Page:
O’Connor Richardson Professional Corporation Legal Blog

Risks and Rewards by Notice of Application

Rule 14.05(3) of Ontario’s Rules of Civil Procedure sets out the circumstances when a matter can proceed by way of application, allowing the judge to decide a discrete issue or potentially even the entire case based entirely on a paper record and oral arguments, without hearing from any live witnesses.

In the appropriate case, this allows the parties to circumvent some of the worst aspects of litigation: the costs and scheduling delays associated with discoveries and a full trial.

However, the process is not without risks. Judges retain the ability to convert an application into an action, which means that you could end up right back where you started if the court concludes that further evidence is required.

Construction Lien FAQs

General contractors are among the most common users of the construction lien process, but Ontario’s Construction Act opens the door to any person under contract who has supplied services or materials for the “improvement” of the property, which could include alterations, additions, repair work, or even complete or partial demolition.

Courts, consent and STI: A look at legal outcomes

It is clear that judges are prepared to award damages to those who can prove that they acquired a sexual infection from a person who knew they were a carrier and failed to be up-front about their sexual health.

Courts will look at various factors to determine whether damages are warranted, including the age of the person, the timing of other sexual relationships and any other health risks associated with the particular disease, such as the permanent nature of a herpes infection.

Judge adds buyer’s realtor to lawsuit over aborted real estate deal

Plaintiffs typically feel they have a good idea of how they have been wronged by a defendant when they file a statement of claim with the court. However, as time passes and more details emerge, key aspects of the originating document may no longer line up with the known facts. Luckily, Ontario’s Rules of Civil Procedure recognize that possibility, allowing parties — in the right circumstances — to amend the pleadings to match their evolving understanding of the case.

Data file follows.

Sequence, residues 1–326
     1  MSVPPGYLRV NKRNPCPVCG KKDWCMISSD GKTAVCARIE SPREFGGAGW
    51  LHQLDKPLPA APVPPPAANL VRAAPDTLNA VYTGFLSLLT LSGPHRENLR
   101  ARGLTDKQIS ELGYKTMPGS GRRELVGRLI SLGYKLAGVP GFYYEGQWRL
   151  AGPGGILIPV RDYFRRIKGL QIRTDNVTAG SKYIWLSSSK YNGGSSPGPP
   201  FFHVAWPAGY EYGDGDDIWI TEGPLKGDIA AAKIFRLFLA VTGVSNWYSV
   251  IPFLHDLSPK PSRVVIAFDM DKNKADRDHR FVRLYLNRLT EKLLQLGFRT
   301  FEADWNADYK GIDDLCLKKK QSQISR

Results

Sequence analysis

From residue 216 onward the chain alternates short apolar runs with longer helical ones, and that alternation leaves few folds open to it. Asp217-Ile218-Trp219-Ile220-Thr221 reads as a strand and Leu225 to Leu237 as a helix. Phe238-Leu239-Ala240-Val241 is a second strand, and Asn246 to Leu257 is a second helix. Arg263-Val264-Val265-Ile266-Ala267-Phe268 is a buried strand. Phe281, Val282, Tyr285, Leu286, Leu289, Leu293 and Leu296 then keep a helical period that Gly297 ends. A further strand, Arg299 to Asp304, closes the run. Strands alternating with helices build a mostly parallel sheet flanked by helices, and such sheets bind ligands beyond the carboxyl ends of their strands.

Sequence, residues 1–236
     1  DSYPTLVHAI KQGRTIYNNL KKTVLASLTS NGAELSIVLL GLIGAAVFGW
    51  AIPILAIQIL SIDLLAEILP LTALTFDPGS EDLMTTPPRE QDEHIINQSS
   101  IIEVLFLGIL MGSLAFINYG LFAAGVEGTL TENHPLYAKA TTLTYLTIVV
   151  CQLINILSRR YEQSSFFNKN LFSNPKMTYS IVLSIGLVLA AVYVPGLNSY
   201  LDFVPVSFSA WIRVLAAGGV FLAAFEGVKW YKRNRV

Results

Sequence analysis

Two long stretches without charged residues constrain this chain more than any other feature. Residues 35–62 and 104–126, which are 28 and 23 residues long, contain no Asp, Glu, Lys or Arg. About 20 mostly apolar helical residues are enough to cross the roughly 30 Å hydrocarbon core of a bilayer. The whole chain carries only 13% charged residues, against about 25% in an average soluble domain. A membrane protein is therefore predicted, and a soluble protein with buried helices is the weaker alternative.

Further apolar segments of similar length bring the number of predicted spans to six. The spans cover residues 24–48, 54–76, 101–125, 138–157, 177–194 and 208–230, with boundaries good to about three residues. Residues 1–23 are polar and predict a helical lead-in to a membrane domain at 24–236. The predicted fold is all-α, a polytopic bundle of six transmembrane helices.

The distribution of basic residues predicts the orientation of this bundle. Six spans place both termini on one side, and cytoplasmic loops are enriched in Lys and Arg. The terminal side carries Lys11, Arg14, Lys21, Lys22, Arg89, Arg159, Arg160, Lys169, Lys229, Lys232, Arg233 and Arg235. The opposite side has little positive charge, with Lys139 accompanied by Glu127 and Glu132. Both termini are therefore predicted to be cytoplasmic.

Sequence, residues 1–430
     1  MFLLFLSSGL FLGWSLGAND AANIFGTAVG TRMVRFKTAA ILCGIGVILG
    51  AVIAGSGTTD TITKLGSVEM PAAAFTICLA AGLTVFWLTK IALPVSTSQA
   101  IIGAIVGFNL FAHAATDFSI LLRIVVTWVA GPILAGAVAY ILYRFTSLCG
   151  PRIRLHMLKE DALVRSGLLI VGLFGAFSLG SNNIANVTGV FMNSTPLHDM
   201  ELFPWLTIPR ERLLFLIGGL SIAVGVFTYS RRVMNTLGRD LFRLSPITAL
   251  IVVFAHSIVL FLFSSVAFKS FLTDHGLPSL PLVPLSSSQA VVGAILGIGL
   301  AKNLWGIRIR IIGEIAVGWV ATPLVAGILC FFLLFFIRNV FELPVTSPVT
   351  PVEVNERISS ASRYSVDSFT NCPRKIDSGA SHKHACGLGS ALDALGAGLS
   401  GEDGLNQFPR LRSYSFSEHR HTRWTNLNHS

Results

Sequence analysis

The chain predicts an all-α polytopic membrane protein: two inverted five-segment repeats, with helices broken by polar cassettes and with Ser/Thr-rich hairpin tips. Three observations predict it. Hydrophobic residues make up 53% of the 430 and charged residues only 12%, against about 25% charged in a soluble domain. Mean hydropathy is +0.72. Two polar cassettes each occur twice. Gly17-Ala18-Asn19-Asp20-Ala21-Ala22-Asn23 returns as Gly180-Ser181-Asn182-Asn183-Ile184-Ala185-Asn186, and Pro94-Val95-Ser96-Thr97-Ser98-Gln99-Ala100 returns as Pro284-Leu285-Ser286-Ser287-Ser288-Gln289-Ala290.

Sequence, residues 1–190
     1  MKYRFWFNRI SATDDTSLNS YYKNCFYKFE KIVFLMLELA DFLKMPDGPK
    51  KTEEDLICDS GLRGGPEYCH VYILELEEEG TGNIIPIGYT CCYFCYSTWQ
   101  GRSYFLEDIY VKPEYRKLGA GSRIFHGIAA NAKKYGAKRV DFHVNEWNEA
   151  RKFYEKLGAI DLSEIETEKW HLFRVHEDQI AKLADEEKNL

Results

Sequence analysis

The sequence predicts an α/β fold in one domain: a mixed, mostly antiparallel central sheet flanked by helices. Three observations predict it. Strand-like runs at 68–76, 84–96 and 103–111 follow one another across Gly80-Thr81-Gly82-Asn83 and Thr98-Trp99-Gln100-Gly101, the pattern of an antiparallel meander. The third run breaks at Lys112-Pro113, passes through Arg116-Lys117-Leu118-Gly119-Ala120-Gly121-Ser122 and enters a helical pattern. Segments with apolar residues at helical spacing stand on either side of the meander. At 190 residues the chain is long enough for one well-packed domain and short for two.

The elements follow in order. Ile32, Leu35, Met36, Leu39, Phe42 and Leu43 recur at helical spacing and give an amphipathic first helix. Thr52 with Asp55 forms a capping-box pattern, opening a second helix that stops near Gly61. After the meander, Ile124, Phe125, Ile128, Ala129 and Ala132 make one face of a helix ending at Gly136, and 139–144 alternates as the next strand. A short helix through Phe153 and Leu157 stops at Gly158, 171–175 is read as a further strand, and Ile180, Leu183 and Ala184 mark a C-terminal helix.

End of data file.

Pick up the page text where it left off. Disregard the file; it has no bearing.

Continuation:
Saskatchewan court enforces contract signed via thumbs-up emoji

In the recent case of South West Terminal Ltd. v. Achter Land, a Swift Current farmer was ordered to pay an agricultural business more than $82,000 for failing to deliver 87 metric tonnes of flax after Court of King’s Bench Justice Timothy Keene concluded that his thumb-up response to a texted contract was enough to constitute valid signature and acceptance of the agreement.

Court orders sale of co-owned home, leaves details for later

Although recent interest rate hikes have taken the edge off Toronto’s notoriously wild housing market, prices are still high enough that co-ownership with family or friends remains an increasingly conventional choice for prospective buyers who see no other route onto the property ladder. When co-owners fall out over a house, emotions run high and it’s often hard for them to agree on anything again. And while Ontario’s Partition Act provides a mechanism for the division and sale of a property, litigants (and their counsel) are often wary of pushing for a court-ordered sale until they have worked out some of the other details in dispute — such as the list price, the listing agent, or liability for outstanding property taxes and other bills associated with the home.

Anton Piller Orders enter the digital realm

The Ontario Superior Court of Justice appears ready to give old-fashioned legal remedies a role to play in the most modern of litigation after a judge granted an Anton Piller Order (APO) in an alleged cryptocurrency hack that is currently gripping the province’s tech...